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By Jeremy Glaser and Robert Johnson, CFA | 07-30-2014 11:00 AM

Johnson: Expect Steady, But Unspectacular Jobs Growth

With economic growth stuck at 2%, jobs growth in July will likely slow from June’s upbeat number to something closer to the 12-month average, says Morningstar’s Bob Johnson.

Jeremy Glaser: For Morningstar, I'm Jeremy Glaser. It's been a busy week for economic data with GDP and also the jobs report due on Friday. I'm here today with Bob Johnson--he's our director of economic analysis--to get his take on some of this data and also a preview of Friday's jobs report. Bob, thanks for joining me today.

Bob Johnson: Thank you.

Glaser: Let's start with the ADP employment number that came out on Wednesday. It showed 218,000 jobs added in the private sector. What does this look like compared to some of the numbers we've been seeing recently?

Johnson: The ADP number for the previous month was about 280,000. The government report for June was 288,000. So, this number would represent a little bit of a slowdown from that. Frankly, that 200,000-range is about the average that we've seen over the last 12 months, so the 288,000 [from June] seems like a real outlier to me. It seems like that number maybe revised down, and maybe this month's number won't be quite as good; but again, we tend to see the bigger adjustments in August rather than in July. We'll have to wait and see on that, though.

Glaser: Looking across the size of businesses, who is adding jobs in this month?

Johnson: There are a couple of different ways to look at it. I think that the small, medium, and large split was probably pretty good. Middle-range corporations were actually the strongest. Small businesses did almost as well, and large [businesses] added fewer--but again, that's a very small percentage of the businesses. So overall, it's a pretty balanced report by size, which is always good to see because you don't want [job growth] to be driven just by one sector.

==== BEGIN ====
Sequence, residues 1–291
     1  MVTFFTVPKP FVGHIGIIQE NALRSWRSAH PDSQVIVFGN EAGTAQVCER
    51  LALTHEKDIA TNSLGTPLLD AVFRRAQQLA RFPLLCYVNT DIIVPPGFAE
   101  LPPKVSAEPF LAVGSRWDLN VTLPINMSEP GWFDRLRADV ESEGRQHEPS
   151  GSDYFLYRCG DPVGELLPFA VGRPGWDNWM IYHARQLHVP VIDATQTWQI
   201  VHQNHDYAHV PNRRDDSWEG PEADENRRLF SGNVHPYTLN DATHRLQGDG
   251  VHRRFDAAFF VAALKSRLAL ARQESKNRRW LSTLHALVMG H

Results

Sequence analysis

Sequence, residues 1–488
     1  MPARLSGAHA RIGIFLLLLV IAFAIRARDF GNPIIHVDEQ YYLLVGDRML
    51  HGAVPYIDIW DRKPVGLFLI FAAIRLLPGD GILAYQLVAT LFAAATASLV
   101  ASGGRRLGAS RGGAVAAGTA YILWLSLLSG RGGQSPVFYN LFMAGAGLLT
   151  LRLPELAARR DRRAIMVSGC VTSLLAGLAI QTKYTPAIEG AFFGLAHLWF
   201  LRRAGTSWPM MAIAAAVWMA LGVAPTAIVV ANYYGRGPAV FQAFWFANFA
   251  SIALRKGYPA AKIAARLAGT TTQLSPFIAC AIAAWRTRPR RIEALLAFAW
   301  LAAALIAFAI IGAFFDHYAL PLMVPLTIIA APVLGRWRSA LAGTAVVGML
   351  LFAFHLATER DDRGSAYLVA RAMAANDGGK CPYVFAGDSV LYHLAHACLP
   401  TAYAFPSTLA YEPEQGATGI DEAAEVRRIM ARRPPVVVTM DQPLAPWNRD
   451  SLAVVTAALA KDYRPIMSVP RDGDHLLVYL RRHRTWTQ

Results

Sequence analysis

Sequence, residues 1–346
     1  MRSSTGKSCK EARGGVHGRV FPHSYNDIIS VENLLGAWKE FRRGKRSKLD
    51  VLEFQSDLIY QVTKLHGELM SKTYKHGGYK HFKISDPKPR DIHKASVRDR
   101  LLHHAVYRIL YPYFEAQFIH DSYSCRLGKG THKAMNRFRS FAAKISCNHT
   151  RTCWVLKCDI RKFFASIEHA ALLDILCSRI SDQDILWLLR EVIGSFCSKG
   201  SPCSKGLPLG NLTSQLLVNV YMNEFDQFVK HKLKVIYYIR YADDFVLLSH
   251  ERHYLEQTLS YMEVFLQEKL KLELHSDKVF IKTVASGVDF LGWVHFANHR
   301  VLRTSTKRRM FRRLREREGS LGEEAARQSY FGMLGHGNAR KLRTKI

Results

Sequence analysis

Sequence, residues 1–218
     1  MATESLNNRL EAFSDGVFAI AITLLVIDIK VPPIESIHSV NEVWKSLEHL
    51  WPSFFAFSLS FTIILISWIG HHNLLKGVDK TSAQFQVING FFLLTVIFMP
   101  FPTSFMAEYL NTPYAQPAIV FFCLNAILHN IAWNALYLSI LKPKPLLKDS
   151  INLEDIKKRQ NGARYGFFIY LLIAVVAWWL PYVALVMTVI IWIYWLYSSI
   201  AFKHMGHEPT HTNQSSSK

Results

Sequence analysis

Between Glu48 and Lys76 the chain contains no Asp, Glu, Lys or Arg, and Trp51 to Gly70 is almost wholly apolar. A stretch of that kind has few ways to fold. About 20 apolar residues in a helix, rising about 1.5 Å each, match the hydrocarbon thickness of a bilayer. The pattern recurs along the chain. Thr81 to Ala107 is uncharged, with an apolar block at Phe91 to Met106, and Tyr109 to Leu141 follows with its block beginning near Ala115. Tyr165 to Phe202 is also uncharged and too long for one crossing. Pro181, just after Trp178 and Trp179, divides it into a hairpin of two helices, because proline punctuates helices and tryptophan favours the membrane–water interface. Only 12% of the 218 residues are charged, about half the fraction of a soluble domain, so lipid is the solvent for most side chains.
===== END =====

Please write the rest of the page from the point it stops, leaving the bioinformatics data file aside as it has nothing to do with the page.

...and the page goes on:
By individual market segment, most of them were down from the previous month. I didn't see anything that really jumped out at me by sector. Maybe the one that did was manufacturing, where there were 3,000 jobs added. I've seen quite a few things that suggest manufacturing is picking up a bit, so I was a little surprised that number wasn't a bit higher. But that was about the only number that really jumped out by sector. The professional and business services sector had been really strong. But on the graph, it looks like that fell off quite a bit as well.

Glaser: As we look forward to that Friday report, what are you expecting? Do you think that growth will slow down from that previous month's level?

Johnson: There are a couple of combating forces here. I'm going to go with a relatively low number and say plus 200,000, which has kind of been the average. We saw the GDP report for the second quarter, and it suggested 4% growth in the second quarter and minus 2% in the first, so you kind of average out to 2%. That's been the average over the last three years. So really, employment shouldn't go up much more than, on average, about a couple hundred thousand per month and to have one month at 288,000 suggests that the next month's number should be lower.

So, I'm going to go with a low number at 200,000, but we may get there a different way. Maybe the number for June gets reduced sharply downward, and this number doesn't look quite so bad. But I think there's room for that number to fall back a little bit this month, and I wouldn’t worry about that at all. The economic growth that I'm forecasting and seeing right now suggests about 2% growth in the private labor force, and that represents about 200,000 jobs.

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